Their number may be large enough to tilt elections in favour of politicians expressing such sentiments – or at least not to hurt their electoral chances.

Predictably the call for boycotting Israel is sounded the loudest by the EU, which is to say the alliance driven by Germany and France, two countries not known for excessive Judophilia. Within that organisation one also finds many Eastern European countries, such as Poland, Romania and Lithuania, whose own record in treating the Jews is, well, ambivalent.

A growing number of European businesses and pension funds cut ties with Israeli firms linked to settlements in the West Bank and east Jerusalem – with most publicised opposition to this outrage coming in the delectable shape of Scarlett Johansson. Over the weekend, Denmark’s largest bank, Danske Bank, blacklisted Israel’s Bank Hapoalim because of its links to settlement activity.

Barack Hussein Obama has never been accused of a pro-Jewish bias either, and his policy towards Israel has been consistently more ‘even-handed’, which is to say pro-Muslim, than any other US president’s.

At the same time, he treats Iran with avuncular benevolence, a spirit in which Kerry is currently negotiating with his Iranian counterpart. While this love-in of mutual cordiality goes on, Iran’s nuclear programme is proceeding apace, and we all know who its first victim is likely to be.

Britain’s foreign policy in the Middle East has always been dominated by Arabists and driven by an emotional and, perhaps more important, pecuniary tendency to appease those who have oil at the expense of those who don’t.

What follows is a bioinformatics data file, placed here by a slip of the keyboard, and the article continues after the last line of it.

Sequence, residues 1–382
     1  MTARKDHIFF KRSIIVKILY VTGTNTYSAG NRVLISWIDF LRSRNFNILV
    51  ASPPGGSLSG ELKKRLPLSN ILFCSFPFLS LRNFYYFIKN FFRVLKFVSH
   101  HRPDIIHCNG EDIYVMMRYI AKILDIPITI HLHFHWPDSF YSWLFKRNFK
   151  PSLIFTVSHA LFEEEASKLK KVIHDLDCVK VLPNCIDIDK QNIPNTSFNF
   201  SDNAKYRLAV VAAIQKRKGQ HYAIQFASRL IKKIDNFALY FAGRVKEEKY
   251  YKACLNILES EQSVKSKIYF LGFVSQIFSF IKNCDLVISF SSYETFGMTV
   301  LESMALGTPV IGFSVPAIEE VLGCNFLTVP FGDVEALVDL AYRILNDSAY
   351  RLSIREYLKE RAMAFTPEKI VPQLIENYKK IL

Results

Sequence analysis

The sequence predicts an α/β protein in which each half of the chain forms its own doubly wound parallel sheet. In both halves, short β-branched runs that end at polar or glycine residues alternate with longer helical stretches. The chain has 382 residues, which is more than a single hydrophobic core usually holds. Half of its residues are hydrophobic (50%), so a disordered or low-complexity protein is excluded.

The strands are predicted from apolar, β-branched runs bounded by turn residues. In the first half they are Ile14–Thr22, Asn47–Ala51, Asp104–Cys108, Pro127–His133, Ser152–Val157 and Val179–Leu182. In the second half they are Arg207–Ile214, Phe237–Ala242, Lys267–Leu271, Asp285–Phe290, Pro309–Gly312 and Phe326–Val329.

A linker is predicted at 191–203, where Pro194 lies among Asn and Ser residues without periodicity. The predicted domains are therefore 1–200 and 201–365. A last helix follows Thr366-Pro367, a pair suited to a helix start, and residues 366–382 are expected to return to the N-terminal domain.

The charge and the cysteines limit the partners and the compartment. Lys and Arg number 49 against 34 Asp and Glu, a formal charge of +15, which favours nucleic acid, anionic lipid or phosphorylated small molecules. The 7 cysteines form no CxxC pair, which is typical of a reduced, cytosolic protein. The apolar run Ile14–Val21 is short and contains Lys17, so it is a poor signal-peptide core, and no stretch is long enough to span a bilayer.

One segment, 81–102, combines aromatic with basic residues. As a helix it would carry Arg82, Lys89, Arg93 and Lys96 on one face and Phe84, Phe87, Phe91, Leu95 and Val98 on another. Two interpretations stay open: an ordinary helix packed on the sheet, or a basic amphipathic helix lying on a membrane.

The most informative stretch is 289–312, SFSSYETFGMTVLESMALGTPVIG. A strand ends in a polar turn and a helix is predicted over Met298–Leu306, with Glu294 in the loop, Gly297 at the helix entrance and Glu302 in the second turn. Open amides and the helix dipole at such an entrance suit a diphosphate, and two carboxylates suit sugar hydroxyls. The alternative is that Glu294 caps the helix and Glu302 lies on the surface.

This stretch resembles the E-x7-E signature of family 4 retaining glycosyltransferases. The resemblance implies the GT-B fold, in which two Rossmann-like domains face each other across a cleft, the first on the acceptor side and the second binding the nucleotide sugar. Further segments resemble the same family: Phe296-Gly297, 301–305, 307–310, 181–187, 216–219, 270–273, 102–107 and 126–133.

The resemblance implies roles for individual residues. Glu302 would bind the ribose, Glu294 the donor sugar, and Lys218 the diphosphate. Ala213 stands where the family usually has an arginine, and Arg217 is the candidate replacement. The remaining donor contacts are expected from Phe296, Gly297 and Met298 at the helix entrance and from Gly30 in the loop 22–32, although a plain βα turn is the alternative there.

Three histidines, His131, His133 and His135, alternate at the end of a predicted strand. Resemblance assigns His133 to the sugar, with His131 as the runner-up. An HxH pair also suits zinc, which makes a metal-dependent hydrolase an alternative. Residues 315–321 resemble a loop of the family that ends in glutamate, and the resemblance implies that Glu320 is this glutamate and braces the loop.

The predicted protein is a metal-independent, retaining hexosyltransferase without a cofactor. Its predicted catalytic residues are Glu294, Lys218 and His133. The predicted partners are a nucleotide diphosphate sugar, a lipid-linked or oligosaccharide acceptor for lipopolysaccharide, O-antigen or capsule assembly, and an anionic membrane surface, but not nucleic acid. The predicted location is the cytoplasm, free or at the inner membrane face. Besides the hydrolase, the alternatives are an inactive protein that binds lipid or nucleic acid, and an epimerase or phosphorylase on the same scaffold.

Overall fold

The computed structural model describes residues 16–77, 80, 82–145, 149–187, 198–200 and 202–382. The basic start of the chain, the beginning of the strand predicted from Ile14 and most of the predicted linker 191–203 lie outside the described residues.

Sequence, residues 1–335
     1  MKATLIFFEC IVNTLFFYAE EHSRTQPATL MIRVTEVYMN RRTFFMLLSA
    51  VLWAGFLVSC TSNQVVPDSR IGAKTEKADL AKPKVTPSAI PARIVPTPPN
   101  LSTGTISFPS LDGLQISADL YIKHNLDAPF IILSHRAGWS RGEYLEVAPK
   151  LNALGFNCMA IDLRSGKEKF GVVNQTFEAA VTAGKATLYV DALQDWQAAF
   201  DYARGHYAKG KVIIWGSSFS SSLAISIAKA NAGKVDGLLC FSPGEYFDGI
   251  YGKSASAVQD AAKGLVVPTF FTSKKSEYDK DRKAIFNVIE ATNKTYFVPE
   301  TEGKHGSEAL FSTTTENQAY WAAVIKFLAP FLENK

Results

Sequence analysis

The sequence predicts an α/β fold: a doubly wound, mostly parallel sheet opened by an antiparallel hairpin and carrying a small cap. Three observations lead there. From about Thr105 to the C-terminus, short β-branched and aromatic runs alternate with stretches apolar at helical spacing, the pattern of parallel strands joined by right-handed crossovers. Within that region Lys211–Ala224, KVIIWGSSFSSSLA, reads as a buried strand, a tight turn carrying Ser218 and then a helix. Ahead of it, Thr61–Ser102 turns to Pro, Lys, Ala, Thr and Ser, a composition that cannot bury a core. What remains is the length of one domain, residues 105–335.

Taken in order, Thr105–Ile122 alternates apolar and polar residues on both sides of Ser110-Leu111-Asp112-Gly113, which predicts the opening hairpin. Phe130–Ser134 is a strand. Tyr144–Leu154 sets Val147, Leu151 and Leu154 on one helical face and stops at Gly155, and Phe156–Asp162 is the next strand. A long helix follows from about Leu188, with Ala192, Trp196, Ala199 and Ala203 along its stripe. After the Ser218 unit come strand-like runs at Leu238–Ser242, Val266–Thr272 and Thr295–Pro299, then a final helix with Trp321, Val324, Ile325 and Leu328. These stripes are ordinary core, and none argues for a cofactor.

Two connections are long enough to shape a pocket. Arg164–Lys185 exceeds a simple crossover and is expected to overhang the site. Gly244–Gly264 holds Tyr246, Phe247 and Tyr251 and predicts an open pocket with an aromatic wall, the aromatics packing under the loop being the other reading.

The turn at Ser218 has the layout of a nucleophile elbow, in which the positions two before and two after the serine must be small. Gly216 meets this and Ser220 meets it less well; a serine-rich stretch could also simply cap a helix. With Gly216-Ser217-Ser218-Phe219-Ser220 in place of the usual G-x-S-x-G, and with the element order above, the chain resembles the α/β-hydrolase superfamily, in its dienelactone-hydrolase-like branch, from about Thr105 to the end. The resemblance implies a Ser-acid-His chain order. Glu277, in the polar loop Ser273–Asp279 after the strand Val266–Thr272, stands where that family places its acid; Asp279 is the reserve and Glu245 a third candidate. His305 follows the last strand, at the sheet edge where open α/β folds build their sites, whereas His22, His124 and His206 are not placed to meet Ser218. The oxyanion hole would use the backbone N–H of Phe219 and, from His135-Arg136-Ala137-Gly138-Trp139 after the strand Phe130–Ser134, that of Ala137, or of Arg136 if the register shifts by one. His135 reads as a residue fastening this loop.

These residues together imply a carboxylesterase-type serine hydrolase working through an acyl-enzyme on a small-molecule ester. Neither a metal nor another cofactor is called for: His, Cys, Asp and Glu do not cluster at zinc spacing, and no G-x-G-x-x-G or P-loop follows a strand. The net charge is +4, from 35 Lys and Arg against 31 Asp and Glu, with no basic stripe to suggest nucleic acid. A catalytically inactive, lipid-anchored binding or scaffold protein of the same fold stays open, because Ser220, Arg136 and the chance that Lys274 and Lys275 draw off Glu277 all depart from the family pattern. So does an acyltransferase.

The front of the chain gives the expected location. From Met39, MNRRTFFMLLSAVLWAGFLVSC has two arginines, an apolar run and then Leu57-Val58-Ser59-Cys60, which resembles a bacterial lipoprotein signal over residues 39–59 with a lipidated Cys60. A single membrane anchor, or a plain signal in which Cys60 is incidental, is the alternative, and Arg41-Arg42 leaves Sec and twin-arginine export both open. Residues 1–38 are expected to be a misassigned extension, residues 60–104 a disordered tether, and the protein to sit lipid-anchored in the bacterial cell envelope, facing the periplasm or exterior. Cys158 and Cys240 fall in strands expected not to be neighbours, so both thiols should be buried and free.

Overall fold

The country’s academic community these days routinely boycotts Israeli scientists (of whom, incidentally, there are considerably more than in the entire Muslim world combined), barring them not only from research grants but even from attendance at international conferences.

In all these instances latent anti-Semitism overlaps with explicit progressivism, which is the major reason behind anti-Israel invective. Lefties, such as Obama, Kerry, every EU functionary and most British academics, are ideologically predisposed to champion the cause of ‘the oppressed’.

This group may be defined in any number of ways, but one ironclad qualification for membership is hatred, both private and institutional, of every aspect of the West.

Material prosperity is one such aspect, especially when achieved by widespread talent, enterprise and industry, rather than pumping oil sloshing underfoot. Because Israelis have a deservedly higher standard of living than the Palestinians, they don’t merit our sympathy.

Palestinians do, mainly because they can be seen as an international extension of our own welfare state. Our supplicants are adjudged to merit assistance even when their destitution is manifestly caused by sloth. Likewise, Palestinians, who spend most of their time not working but dreaming of eviscerating Jews, are perfectly cast in the role of victims.

All these factors combine for the likes of Kerry to feel that he must throw support behind the Palestinian cause by holding a gun to Israel’s head. He’s being applauded by the growing Muslim communities in the West, its home-grown anti-Semites and assorted lefties the world over.

This is the company in which we find ourselves thanks to our sage leaders. Let’s rejoice.